In 1979, the ruling establishment of the Soviet Union sent forces to sovereign Afghanistan under the pretext of “rendering brotherly assistance”; hundreds of thousands of residents of the country became victims of the Soviet military. Today, the ruling chekist-bureaucratic faction in Russia –the successor to the Soviet leadership –has perpetrated aggression against independent Georgia.

The incursion into Afghanistan led to many years of unceasing widespread violence and human rights abuses, as well as flare-ups of war again and again. The historical development of Afghanistan turned completely around: from a secular government it turned into a theocratic one. The actions of the Soviet leadership led to a sharp rise in the popularity of Islamic fundamentalism not only in Afghanistan, but in Pakistan and Arab countries as well. (Remember the alliance between the Taliban and Al-Qaeda).

If the international community does not stop Russian aggression, and if Georgia, realizing its lawful right to self-defense, cannot fend it off, Russia may capture not only the former South-Ossetian Autonomous Oblast, but other parts of Georgia as well. After all, many irresponsible Russian politicians are announcing claims to Crimea…

We call for the immediate stop of aggression against Georgia. We consider that Russia’s leadership, having set another bloody stain to the country’s reputation, finally made its presence in the Group of Eight unacceptable from a moral point of view.

We call on the General Assembly of the UN, the Organization for Security and Cooperation in Europe, the Parliamentary Assembly of the Council of Europe and other international institutes to assess the actions of Russia’s leadership against Georgia.

Sergei Kovalev, chairman of the Russian “Memorial” society, chairman of the A.D. Sakharov Fund.

Dmitri Belomestnov, journalist, Moscow

Stanislav Dmitrievsky (Nizhny Novgorod), chairman of the Russian-Chechen Friendship Society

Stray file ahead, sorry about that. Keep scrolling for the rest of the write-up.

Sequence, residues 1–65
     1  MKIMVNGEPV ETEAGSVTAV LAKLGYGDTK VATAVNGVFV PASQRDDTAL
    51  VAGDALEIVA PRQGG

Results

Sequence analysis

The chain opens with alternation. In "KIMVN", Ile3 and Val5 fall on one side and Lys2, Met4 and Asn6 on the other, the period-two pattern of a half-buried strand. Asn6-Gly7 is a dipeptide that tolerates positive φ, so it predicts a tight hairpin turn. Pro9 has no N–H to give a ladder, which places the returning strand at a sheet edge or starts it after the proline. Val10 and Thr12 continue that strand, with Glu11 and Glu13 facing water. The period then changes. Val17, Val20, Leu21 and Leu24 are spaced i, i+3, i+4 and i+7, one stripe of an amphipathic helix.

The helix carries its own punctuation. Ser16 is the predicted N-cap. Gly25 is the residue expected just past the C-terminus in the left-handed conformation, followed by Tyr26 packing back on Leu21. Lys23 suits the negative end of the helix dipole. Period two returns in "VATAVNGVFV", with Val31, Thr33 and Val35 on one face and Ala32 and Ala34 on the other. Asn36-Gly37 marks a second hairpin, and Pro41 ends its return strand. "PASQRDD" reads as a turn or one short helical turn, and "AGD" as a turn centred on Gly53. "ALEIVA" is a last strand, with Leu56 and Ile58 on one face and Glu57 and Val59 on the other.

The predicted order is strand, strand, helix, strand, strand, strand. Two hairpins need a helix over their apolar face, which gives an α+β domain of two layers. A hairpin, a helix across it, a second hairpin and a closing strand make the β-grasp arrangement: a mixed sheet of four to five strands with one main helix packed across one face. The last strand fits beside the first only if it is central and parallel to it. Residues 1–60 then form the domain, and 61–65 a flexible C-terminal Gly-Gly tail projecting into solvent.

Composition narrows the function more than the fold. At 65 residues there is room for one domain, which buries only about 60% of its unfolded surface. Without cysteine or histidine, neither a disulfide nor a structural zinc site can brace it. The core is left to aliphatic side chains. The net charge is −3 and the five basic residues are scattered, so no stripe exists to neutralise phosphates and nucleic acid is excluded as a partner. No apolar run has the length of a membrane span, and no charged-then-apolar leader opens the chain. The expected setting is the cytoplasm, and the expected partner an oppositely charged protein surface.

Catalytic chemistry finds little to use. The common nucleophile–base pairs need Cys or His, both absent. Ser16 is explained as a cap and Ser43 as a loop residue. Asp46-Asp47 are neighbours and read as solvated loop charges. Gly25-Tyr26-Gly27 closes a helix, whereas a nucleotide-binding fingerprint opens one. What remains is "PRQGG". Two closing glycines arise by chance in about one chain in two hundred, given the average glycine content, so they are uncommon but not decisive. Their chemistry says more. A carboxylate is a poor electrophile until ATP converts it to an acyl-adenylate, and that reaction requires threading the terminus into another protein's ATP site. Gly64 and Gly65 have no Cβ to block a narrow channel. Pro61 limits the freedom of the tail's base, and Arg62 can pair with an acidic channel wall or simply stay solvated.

Tatyana Monakhova, human rights defender, Moscow

Yelena Maglevannaya, copy editor, Volgograd

Mikhail Kriger, chairman of the Anti-War Committee, Moscow

Ivan Simochkin, Oborona [Defense] Youth Movement, Moscow

Alexei Manannikov, President of the Siberian Inter-regional human rights foundation “Vienna-89”, Novosibirsk

Edward Glezin, Coordinator of the Russian “Oborona” Youth Movement, Moscow

Dmitri Shusharin, historian and journalists

Igor Drandin, RPDU [Russian People’s Democratic Union]

Vladimir Shaklein, Inter-regional Center for Human Rights – Ural division of the “For Human Rights” All-Russian Civic Organization

Vladimir Sirotin, national socialist

Larisa Volodimerovna, human rights defender, Holland

Lev Ponomarev, Executive Director, All-Russian Civic Organization “For Human Rights”

Vladimir Panteleev, political prisoner 1970-76, invalid of the 2nd group after political repression, chairman of the board of directors of the Nizhny Novgorod Society for Victims of the Communist Terror

Sergei Sorokin, chairman of the Movement Against Violence, Moscow

Felix Balonov, Doctor of Philosophy, St. Petersburg

Dmitri Vorobyevsky, editor of the Kramola newspaper, member of the Democratic Union, Voronezh